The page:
Why Hastert's prison term will make history
Former U.S. House Speaker Dennis Hastert's term in prison is set to start by Wednesday, making him the highest-ranking elected official in American history to serve time behind bars.
Hastert was once two heartbeats away from the presidency during his term as speaker, and experts asked by the Daily Herald agreed no one closer to ascending to the White House has ever served prison time.
The longtime suburban congressman, sentenced to 15 months in prison for a banking crime that led him to admit to molesting at least one former student while a teacher at Yorkville High School decades ago, is set to report to the Federal Bureau of Prisons by 2 p.m. Wednesday.
It's not as if Hastert is the first high-ranking official in U.S. history to have been accused of serious misdeeds.
In the nation's earliest days, Thomas Jefferson's first vice president, Aaron Burr, set a low bar for political misbehavior. He shot and killed Alexander Hamilton in the infamous 1804 duel that's now part of pop culture because of a Broadway musical. However, Burr never was tried or imprisoned for Hamilton's death.
Later, after leaving the Jefferson administration, Burr was charged with treason in 1806 for leading an armed group toward the city of New Orleans. He was acquitted and served no prison time.
Hastert's case has only occasionally made the big national headlines that typically follow the indictment and conviction of someone who reached the near-peak of American politics.
"It's been a while since he was speaker, and people have short memories for politics," said Brian Gaines, a professor of political science at the University of Illinois' Institute of Government and Public Affairs.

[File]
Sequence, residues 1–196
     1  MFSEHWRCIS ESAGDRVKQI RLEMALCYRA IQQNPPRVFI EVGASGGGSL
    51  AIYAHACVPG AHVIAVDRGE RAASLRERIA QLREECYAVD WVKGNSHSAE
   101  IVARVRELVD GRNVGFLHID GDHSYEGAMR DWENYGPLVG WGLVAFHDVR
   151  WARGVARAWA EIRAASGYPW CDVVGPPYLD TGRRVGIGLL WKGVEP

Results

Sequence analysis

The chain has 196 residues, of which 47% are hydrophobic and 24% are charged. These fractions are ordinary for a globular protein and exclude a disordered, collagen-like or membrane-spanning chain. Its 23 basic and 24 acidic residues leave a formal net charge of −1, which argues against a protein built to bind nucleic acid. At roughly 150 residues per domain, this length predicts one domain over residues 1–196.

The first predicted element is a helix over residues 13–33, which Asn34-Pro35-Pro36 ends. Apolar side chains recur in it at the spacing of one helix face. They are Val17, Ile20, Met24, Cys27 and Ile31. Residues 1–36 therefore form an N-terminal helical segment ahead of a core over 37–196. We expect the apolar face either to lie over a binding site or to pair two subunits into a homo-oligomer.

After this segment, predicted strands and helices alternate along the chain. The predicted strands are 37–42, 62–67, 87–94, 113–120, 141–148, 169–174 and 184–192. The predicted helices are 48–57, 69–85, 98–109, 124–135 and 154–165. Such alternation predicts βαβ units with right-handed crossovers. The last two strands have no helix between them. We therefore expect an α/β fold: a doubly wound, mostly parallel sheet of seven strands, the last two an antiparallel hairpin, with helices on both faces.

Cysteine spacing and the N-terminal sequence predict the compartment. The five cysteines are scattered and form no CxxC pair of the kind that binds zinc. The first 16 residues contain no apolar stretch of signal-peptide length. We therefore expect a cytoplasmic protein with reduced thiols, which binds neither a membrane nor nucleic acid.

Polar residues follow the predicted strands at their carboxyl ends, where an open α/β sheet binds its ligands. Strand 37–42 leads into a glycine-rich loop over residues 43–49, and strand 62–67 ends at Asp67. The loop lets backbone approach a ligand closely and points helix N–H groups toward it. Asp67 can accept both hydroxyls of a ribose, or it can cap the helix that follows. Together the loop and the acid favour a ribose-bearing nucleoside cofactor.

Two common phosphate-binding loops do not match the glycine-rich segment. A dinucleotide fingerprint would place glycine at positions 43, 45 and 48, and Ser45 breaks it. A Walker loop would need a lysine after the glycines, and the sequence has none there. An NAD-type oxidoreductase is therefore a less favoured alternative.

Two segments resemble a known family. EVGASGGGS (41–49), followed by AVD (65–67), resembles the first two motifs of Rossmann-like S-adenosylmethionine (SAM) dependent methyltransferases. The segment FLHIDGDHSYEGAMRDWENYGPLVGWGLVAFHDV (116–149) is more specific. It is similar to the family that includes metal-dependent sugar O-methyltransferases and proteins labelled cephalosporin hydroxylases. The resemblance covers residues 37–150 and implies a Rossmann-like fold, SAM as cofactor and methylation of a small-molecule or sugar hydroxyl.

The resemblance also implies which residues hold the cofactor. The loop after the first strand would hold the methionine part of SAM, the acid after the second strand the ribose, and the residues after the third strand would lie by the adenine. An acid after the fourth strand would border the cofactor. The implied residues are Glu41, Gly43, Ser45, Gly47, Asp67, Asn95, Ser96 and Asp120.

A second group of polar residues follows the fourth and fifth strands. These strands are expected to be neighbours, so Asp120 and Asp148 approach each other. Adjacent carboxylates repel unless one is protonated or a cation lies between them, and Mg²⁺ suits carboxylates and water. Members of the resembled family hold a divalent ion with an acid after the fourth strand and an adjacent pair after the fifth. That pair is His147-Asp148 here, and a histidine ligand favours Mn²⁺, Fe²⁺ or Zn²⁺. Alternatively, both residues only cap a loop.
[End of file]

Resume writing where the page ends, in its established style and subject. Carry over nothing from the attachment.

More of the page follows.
Gaines and other experts had to double-check Spiro Agnew, a vice president under Richard Nixon who resigned the office in 1973 while dogged by a kickback scandal. Agnew eventually avoided prison and received probation via a plea deal on tax-evasion charges.
And Nixon's Attorney General John Mitchell went to prison following his involvement in the Watergate scandal, but House speakers come before attorneys general in the modern line of succession to the presidency.
An important difference, too, is that unlike the situations of those figures, Hastert's case didn't involve misdeeds committed while in office.
His actions in office have become part of the story of his case, though.
For example, the molestation accusations raised old questions about how Hastert dealt with a 2006 scandal during his speakership when Florida Rep. Mark Foley was found to have sent inappropriate instant messages to young congressional pages.
And the Patriot Act approved under Hastert's watch was the law that in part led to the investigation into his past.
"By the way, the speaker led the charge in making sure the House passed the Patriot Act the first time and then reauthorized it," then-President George W. Bush said of Hastert, praising him at a 2006 fundraiser in Chicago.
Hastert's case, though, ultimately was about what happened before and after his career in politics, becoming maybe the best-known former teacher ever accused of molesting a student, said Andrew Conneen, a politics and government teacher at Stevenson High School in Lincolnshire who sometimes appears on CSPAN to talk about U.S. government.
"When we first heard about this as social studies teachers ... it was looking at it both from the government point of view, of how disappointing this was of a high-ranking official being accused of this," Conneen said. "But also from the social studies teacher point of view, it was even more tragic, the fact that he had victimized these students."
Once No. 2 in the line of presidential succession, Hastert will be prisoner number 47991-424, according to the Bureau of Prisons website.